Railroad crossings – As you approach a railroad crossing, slow down and look up and down the tracks to make sure a train is not coming. If you are not sure it is safe to cross the tracks, turn your radio down or off, stop talking, put the window down, and look and listen for a train. Never start to cross until the traffic clears ahead. Wait until there is room on the far side so you will not have to stop on the tracks. At crossings with more than one track, wait until the passing train is well down the track before starting to cross. Another train may be hidden by the one that just passed. Look behind – Besides watching traffic ahead of you, check traffic behind you. You need to check more often when traffic is heavy. This is the only way you will know if someone is following too closely or coming up too fast and will give you time to do something about it. It is very important to look for vehicles behind you when you change lanes, slow down, back up, or are driving down a long or steep hill. When changing lanes – Whenever you want to change lanes, you must check that there are no vehicles in the lane you want to enter. This means you must check for traffic to the side and behind your vehicle before you change lanes. Changing lanes includes: changing from one lane to another, merging onto a roadway from an entrance ramp, and entering the roadway from the curb or shoulder. When changing lanes, you should: • Turn on your turn signal in the direction you are moving. • Look in your rearview and side mirrors. Make sure there are no vehicles in the lane you want to enter. Make sure that nobody is about to pass you.


• Look over your shoulder in the direction you plan to move. Be sure no one is near the rear corners of your vehicle. These areas are called “blind spots” because you cannot see them through your mirrors. You must turn your head and look to see vehicles in your blind spot. • Check quickly. Do not take your eyes off the road ahead for more than an instant. Traffic ahead of you could stop suddenly while you are checking traffic to the sides, rear, or over your shoulder. Also, use your mirrors to check traffic while you are preparing to change lanes, merge, or pull onto the roadway. This way you can keep an eye on vehicles ahead of you at the same time. Check over your shoulder just before you change lanes for traffic in your blind spot. Look several times, if you need to, but not for too long a period at any one time. You must keep track of what traffic is doing in front of you and in the lane you are entering. • Check the far lane. Be sure to check the far lane, if there is one. Someone in that lane may be planning to move into the same lane you want to enter. • Check for other road users. Remember that there are other road users such as motorcycles, bicycles, and pedestrians that are harder to see than cars and trucks. Be especially alert when you are entering the roadway from a curb or driveway.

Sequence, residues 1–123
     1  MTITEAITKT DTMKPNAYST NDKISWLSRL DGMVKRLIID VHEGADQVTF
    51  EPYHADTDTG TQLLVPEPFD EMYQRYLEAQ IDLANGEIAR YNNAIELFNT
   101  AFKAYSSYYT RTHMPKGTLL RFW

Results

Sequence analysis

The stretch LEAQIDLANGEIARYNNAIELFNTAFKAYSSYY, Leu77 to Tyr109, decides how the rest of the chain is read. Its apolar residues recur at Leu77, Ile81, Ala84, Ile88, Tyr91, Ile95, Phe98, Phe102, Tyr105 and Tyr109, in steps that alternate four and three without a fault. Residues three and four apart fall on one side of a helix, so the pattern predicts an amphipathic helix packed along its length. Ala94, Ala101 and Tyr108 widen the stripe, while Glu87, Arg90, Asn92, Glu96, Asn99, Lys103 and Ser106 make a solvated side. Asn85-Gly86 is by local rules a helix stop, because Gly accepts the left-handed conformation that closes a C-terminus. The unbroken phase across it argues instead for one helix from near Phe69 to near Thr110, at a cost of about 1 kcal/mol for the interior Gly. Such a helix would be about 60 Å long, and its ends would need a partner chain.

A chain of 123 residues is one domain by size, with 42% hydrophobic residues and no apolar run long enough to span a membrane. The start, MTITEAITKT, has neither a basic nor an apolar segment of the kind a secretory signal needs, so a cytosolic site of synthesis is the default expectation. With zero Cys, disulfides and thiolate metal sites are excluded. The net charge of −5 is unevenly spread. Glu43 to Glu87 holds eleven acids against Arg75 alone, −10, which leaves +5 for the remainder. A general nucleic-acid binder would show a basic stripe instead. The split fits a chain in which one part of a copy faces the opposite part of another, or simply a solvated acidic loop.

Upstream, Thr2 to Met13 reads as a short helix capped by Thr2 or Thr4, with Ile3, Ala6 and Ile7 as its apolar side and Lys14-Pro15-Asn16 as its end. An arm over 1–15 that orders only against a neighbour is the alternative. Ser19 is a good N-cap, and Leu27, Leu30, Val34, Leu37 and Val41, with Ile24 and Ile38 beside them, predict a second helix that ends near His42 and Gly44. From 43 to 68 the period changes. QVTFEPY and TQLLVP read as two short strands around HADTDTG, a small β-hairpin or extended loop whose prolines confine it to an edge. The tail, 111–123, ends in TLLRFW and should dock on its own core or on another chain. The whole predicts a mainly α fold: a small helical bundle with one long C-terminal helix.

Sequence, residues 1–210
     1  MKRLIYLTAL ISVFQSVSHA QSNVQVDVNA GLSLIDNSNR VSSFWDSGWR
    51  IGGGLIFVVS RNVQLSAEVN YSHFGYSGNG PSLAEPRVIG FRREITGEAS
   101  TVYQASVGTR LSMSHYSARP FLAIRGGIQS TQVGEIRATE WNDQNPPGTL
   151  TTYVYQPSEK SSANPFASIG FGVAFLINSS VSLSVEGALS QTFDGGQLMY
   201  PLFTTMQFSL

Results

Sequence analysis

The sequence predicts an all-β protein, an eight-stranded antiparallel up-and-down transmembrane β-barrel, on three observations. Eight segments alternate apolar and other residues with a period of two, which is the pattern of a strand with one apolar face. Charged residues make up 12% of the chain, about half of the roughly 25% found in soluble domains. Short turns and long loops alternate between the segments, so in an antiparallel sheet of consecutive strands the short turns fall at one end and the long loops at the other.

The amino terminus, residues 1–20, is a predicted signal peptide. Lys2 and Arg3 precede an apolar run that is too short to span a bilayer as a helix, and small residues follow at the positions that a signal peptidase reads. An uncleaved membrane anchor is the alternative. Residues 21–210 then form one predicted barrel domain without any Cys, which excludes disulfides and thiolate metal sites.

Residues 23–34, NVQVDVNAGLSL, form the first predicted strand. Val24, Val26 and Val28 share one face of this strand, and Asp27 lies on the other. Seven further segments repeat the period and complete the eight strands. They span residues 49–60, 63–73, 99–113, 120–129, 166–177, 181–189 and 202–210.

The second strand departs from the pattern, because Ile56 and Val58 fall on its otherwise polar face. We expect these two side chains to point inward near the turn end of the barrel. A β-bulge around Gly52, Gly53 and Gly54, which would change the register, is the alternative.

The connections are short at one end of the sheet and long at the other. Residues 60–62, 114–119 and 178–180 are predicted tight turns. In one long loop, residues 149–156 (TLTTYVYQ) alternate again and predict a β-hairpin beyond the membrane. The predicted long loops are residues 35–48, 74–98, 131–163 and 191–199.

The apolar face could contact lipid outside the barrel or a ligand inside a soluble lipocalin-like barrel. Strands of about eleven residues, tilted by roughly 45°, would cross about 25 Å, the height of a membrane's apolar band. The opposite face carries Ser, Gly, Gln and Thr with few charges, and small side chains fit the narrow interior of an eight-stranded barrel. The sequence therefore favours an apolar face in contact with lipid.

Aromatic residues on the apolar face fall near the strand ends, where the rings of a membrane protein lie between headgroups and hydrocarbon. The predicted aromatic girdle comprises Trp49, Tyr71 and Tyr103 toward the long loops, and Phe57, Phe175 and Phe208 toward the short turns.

When you slow down – You must check behind your vehicle whenever you slow down. This is very important when you slow down quickly or at points where a following driver would not expect you to slow down, such as driveways or parking spaces. When you back up – It is hard for you to see behind your vehicle. Try to do as little backing as possible. In a shopping center try to find a parking space you can drive through so you can drive forward when you leave. Where backing is necessary, here are some hints that will help you back your vehicle safely. • Check behind your vehicle before you get in. Children or small objects cannot be seen from the driver’s seat. • Place your right arm on the back of the seat and turn around so you can look directly through the rear window. Do not depend on your rearview or side mirrors to help you see directly behind your vehicle. • Back slowly, your vehicle is much harder to steer while you are backing. You must stop before backing across a sidewalk or into a street. Look left and right and yield to any pedestrians or vehicles. • Whenever possible use a person outside the vehicle to help you back. When going down a long or steep hill – Check your mirrors when you are going down hills or mountain roads. Vehicles often build up speed going down a steep grade. Be alert for large trucks and buses that may be going too fast.


your vehicle’s headlights must be turned on from a half hour after sunset until a half hour before sunrise. in construction areas. • Use the low beams in fog or when it is snowing or raining hard. • Use your low beams when following 300 feet or less behind another vehicle. 58 . Here are some things you can do that will help you see better: • Use your high beams whenever there are no oncoming vehicles. It is important to use high beams on unfamiliar roads. Some vehicles have fog lights that you should also use under these conditions. This will keep you from being blinded by the other vehicle’s headlights and allow you to see enough of the edge of the road to stay on course. If a vehicle comes toward you with high beams on. look away from the headlights and toward the right side of the road until the car has passed. or where there may be people along the side of the road. both of you may be blinded. Light from high beams will reflect back. Do not try to “get back” at the other driver by keeping your bright lights on. causing glare and making it more difficult to see ahead. Lights must also be on any time conditions make it difficult to see people or other vehicles. High beams let you see twice as far as low beams. If you do. • Dim your high beams whenever you come within 500 feet of an oncoming vehicle.Use Your Lights By law.